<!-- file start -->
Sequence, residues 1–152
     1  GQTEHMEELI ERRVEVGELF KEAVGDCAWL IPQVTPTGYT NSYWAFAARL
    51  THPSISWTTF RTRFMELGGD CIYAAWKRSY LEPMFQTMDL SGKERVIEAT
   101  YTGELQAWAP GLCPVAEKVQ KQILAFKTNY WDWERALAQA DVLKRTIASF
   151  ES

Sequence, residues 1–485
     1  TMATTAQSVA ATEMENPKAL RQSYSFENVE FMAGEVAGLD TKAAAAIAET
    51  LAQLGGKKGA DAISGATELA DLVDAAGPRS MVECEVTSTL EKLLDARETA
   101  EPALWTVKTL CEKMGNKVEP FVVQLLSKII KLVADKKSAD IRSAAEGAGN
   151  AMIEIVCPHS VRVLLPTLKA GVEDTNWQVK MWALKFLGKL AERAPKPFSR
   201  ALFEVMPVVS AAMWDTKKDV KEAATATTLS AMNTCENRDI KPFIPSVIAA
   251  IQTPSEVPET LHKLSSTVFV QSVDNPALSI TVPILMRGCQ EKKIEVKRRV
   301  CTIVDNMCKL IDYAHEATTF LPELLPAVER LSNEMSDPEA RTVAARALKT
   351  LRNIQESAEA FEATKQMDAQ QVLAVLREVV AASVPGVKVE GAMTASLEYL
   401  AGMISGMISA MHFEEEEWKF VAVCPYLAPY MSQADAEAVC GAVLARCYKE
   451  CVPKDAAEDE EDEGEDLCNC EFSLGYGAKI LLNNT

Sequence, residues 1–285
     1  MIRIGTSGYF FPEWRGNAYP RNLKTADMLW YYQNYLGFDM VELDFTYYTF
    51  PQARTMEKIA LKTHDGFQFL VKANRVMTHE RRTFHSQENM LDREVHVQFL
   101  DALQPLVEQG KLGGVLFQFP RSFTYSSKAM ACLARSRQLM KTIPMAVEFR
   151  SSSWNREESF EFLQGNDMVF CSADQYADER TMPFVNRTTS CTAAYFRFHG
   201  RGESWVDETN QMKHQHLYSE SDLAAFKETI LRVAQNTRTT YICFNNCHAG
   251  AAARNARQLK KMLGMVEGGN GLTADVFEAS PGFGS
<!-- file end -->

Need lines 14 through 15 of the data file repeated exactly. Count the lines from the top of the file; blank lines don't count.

   351  LRNIQESAEA FEATKQMDAQ QVLAVLREVV AASVPGVKVE GAMTASLEYL
   401  AGMISGMISA MHFEEEEWKF VAVCPYLAPY MSQADAEAVC GAVLARCYKE